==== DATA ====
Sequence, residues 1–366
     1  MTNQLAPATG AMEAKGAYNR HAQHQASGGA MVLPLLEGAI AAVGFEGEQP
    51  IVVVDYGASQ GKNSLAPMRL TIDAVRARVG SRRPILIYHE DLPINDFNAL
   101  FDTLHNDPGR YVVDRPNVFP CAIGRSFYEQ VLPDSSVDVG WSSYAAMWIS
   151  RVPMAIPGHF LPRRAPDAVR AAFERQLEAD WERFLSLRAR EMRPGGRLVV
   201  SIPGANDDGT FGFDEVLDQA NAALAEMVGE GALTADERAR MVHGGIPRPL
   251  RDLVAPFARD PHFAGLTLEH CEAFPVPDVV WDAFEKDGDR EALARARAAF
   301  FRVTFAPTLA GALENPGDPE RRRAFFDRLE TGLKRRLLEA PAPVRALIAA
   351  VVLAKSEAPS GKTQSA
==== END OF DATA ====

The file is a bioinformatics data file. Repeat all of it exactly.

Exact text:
Sequence, residues 1–366
     1  MTNQLAPATG AMEAKGAYNR HAQHQASGGA MVLPLLEGAI AAVGFEGEQP
    51  IVVVDYGASQ GKNSLAPMRL TIDAVRARVG SRRPILIYHE DLPINDFNAL
   101  FDTLHNDPGR YVVDRPNVFP CAIGRSFYEQ VLPDSSVDVG WSSYAAMWIS
   151  RVPMAIPGHF LPRRAPDAVR AAFERQLEAD WERFLSLRAR EMRPGGRLVV
   201  SIPGANDDGT FGFDEVLDQA NAALAEMVGE GALTADERAR MVHGGIPRPL
   251  RDLVAPFARD PHFAGLTLEH CEAFPVPDVV WDAFEKDGDR EALARARAAF
   301  FRVTFAPTLA GALENPGDPE RRRAFFDRLE TGLKRRLLEA PAPVRALIAA
   351  VVLAKSEAPS GKTQSA